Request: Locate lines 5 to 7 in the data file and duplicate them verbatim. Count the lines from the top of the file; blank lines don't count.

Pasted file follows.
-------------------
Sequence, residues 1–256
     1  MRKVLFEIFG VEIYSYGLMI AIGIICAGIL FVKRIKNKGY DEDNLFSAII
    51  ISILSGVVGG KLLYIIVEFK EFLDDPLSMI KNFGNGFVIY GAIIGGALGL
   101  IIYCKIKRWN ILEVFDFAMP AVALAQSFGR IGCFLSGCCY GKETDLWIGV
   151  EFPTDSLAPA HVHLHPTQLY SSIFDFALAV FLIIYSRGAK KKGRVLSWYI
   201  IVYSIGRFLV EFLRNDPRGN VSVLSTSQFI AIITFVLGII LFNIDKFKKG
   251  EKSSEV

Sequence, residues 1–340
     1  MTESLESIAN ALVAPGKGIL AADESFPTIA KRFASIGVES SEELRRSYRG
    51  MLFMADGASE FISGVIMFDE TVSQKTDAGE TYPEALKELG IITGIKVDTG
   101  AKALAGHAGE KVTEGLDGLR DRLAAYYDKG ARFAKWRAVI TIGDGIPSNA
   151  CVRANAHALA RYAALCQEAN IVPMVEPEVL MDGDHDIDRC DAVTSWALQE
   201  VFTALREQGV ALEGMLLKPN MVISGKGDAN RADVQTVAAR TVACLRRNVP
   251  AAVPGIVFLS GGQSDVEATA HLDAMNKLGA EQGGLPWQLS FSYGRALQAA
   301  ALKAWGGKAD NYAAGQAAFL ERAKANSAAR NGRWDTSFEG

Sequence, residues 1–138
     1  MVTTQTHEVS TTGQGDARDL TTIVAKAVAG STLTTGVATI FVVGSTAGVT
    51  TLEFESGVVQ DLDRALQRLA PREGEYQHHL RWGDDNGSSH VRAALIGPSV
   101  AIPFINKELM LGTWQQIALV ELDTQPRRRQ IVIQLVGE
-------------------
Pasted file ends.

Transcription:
   151  EFPTDSLAPA HVHLHPTQLY SSIFDFALAV FLIIYSRGAK KKGRVLSWYI
   201  IVYSIGRFLV EFLRNDPRGN VSVLSTSQFI AIITFVLGII LFNIDKFKKG
   251  EKSSEV